Sigourney is a black woman on a Caribbean-like nation of many islands dominated by Dutch-like white people from the north.  The white people enslaved the native black people.  One black family was able to buy its way to freedom.  They were able to rise out of poverty and become part of the ruling class.  The Rose family was hated but tolerated by the rest of the ruling whites until they decided to kill the Roses.  Sigourney was the only survivor.  She had the kraft, that is, the gift I described above.  Using her kraft and her wits, she grew up with one goal, to exterminate her family’s murderers and claim the throne to free her people.

The thing about the kraft is that anyone could have it.  It takes many forms: creating illusions, reading people’s minds, blocking mind readers, causing fear.  Sigourney’s kraft allows her to occupy another person’s mind and even control their actions.  However, the whites believe it is a gift from their gods, not for the savage island natives.  So they kill any black person who shows evidence of having the kraft.  Sigourney, to her knowledge, is the only adult black person who has the craft.  

The prose was actually good.  The word choices and descriptions were done well.  It was very readable from that perspective.  However, the content was tedious.  I felt like the main character went on and on about how much she was hated by both the native people and the ruling class.  She was seen as a traitor by her own race for being part of the elite and hated for being a savage who had no right to have the either the craft or her position.  Callender reiterated this again and again throughout the book.

The characterization was also good.  The narration is first person Sigourney.  The other characters we learn of mostly through her entering their minds.  At first, I thought this was an interesting technique to describe characters and their motivations, but as the story progressed, it became tedious.  The book became one exposition after another with only a little bit of movement in between.  Nonetheless, all the characters were very well drawn.  No one was a cardboard cutout.  

I give this book two stars out of five.  I can’t believe it won over the superb The Ten Thousand Doors of January.  The usually engaging and enraging themes of racism and colonialism failed to help this book.  I might say the sum of the parts were greater than whole.  Good prose and characterization, but overall, just plain boring.  I’ll probably give this author another chance, but it won’t be with the sequel.  

Saturday, April 2, 2022


Lewis Shiner
Completed 4/2/2022, Reviewed 4/2/2022
3 stars

This book took me a long time to read.  It was good, but just not terribly engaging.  It’s about a guy who travels in time to try to get famously unfinished albums recorded.  His personal problems are mixed in with that plot.  I found the time travel to be really interesting, but the life story narrative was rather ho hum.  The interactions with the artists were based on interviews, biography, autobiography, and some speculation and created very well-developed characters.  This book won the 1994 World Fantasy Award.  

Ray repairs stereos in 1989.  He lives with his wife Elizabeth.  Their relationship is not the best.  One day, he begins to hear recording sessions of famous recording artists that never took place.  As he hears the songs play out, they get recorded on his tape deck.  He connects with a record company that puts out reissues and compilations and they put out his first recording, of the Beatles, as a bootleg.  It sells like mad.  He begins work on other artists and before he knows it, he’s back in time trying to get them to record their final works before they self-destruct.  The artists are Jim Morrison, Brian Wilson, and Jimi Hendrix.  In the meantime, his relationship with his wife deteriorates, he can’t reconcile his relationship with his recently deceased father, and he begins to fall in love with a woman who was present at his father’s death.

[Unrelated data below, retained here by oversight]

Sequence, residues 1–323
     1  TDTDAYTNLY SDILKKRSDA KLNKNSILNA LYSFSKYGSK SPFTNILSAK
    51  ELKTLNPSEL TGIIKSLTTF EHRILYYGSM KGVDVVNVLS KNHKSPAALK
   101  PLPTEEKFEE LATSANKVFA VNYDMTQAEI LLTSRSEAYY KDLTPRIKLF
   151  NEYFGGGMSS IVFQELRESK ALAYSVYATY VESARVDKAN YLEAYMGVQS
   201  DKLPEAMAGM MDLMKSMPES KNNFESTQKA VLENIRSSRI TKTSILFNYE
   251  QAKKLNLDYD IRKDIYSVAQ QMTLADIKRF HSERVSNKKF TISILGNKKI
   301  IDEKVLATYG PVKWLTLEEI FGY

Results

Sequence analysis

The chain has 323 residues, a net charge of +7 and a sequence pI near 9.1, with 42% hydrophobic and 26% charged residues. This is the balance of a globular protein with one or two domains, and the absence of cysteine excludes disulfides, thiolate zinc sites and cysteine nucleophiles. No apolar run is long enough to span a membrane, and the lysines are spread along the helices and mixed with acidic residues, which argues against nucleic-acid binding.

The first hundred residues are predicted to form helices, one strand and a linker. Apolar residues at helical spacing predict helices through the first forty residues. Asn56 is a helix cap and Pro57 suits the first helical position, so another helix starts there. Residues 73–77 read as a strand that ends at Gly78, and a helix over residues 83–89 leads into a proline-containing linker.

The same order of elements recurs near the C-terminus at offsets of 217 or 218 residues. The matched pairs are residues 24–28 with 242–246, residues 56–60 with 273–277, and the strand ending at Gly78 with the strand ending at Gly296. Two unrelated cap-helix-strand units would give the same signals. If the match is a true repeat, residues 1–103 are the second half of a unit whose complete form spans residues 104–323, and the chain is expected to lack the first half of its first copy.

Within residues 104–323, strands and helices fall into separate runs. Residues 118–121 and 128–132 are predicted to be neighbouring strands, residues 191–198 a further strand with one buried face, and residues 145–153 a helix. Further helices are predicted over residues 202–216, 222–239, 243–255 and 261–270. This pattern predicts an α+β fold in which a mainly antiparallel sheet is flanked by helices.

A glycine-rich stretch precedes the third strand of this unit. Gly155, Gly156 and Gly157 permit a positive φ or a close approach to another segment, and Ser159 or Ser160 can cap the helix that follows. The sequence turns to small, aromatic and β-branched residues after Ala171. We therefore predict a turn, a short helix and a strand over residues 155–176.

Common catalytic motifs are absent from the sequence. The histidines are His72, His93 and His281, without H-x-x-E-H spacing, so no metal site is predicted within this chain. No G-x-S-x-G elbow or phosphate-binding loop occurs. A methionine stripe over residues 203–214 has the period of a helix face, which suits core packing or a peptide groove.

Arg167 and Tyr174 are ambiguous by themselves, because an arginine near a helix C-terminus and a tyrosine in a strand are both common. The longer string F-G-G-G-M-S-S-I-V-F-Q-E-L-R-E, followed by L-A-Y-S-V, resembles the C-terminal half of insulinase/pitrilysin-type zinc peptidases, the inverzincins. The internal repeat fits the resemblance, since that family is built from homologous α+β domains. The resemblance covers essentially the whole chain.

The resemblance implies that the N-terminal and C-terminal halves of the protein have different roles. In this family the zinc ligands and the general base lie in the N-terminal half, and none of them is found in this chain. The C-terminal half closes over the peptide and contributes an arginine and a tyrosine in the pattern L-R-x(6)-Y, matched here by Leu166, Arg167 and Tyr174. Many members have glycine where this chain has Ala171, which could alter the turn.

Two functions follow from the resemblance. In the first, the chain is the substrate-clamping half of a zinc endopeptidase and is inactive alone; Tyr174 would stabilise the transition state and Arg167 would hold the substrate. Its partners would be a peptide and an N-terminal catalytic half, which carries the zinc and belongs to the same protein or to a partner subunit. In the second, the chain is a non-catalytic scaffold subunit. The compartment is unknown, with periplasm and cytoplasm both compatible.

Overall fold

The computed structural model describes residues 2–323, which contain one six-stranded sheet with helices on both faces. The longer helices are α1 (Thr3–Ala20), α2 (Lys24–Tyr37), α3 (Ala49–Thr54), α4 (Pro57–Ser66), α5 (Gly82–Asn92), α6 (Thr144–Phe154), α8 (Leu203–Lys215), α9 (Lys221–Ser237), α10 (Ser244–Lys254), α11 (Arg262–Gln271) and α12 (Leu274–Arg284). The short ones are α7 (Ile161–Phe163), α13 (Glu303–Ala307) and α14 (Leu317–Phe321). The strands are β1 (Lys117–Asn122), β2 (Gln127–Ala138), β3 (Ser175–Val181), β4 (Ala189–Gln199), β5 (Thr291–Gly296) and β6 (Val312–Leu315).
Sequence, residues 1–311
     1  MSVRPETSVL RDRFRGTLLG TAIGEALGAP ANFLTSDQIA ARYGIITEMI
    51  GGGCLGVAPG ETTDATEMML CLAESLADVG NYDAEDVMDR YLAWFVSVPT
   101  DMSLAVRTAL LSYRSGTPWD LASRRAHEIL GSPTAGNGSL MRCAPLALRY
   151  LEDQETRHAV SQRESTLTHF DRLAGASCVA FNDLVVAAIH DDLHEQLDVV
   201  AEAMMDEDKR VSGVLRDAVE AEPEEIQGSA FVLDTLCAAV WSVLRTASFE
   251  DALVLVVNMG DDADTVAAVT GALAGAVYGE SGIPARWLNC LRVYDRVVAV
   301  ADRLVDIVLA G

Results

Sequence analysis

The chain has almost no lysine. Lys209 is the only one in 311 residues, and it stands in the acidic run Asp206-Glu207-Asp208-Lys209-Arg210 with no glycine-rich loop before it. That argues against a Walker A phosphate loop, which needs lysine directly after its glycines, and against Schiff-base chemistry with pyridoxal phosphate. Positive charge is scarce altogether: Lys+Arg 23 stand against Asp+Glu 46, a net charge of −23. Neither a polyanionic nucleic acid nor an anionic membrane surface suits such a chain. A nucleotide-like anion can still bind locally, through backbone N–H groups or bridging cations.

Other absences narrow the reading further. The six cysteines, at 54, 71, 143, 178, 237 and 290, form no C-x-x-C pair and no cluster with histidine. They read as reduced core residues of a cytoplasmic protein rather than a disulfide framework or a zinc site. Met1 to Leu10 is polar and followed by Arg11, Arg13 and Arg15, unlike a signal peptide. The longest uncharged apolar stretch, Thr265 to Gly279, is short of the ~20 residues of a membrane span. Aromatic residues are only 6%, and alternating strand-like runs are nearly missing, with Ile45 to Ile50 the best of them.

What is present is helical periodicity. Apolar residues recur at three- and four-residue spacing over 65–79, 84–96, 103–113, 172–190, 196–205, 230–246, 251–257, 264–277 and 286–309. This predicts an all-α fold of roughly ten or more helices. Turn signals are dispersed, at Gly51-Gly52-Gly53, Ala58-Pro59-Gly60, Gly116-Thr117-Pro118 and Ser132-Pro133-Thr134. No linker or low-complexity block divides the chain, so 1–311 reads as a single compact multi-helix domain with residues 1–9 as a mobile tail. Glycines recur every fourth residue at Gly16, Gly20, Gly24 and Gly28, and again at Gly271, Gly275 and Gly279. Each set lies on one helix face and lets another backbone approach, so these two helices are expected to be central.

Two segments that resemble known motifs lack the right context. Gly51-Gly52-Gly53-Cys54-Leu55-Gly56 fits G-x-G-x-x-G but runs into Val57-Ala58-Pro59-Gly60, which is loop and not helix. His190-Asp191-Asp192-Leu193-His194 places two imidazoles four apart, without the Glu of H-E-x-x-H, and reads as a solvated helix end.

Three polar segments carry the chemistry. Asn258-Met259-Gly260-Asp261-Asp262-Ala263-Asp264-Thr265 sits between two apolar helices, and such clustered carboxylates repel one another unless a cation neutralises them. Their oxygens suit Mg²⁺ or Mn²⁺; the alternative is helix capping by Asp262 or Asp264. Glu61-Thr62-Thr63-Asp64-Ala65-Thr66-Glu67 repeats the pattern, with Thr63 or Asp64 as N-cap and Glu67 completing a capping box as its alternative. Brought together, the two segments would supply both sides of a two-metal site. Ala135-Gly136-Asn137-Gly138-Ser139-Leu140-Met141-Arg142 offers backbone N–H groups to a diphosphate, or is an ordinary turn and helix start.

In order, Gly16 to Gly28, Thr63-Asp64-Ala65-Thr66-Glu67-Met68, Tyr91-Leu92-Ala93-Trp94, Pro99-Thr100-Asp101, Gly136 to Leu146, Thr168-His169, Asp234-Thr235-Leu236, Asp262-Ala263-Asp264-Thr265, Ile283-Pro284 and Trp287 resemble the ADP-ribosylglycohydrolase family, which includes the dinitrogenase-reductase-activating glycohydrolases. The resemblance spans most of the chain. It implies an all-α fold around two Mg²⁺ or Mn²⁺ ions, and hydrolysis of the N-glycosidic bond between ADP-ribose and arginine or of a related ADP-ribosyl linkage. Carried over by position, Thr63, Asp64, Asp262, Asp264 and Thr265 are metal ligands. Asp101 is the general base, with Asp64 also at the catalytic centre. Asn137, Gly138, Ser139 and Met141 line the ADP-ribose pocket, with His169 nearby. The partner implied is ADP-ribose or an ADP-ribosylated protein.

The narration is first person by Ray who is shut off from his feelings.  This may be why I had trouble engaging with the book.  There weren’t many feelings.  The book just felt cold.  The only time Ray is close to fully engaged is when he is working with the recording artists to get their music recorded.  The rest of the time, he tries to get to the bottom of his problematic relationships with Elizabeth and his dad, but always with one foot in the numb zone.  He starts to open up when he meets Lori, the partner of man who runs a diving expedition in Cozumel where his father died while on a dive.  But Lori has her own problems and their interaction is split between passion and hesitancy.  In the end, this made the book feel like pop best seller about a dysfunctional man who is saved by love.  

Fortunately, the book is interspersed with three intense episodes of time travel to the ‘60s to meet with Morrison, Wilson, and Hendrix.  I particularly liked the episode with Brian Wilson who is coming off the success of the “Pet Sounds” album and trying to make the experimental “Smile” album.  Interestingly, ten years after this book was published, Wilson created a concert version of his original concept and in 2011 released an actual album called “Smile” which was well-received, though he claimed it differed greatly from his original vision.

Based on the synopsis on the internet, I thought I would have liked this book more.  But the synopsis was more engaging than the book itself.  I give the book three stars out of five.  Maybe under different circumstances, I would have enjoyed the book more.  I read this book in the middle of buying a house, which has been pretty stressful.  Normally, I would have found solace in a book, but here, I kept finding excuses not to read it.  It’s not a bad book, just not that great.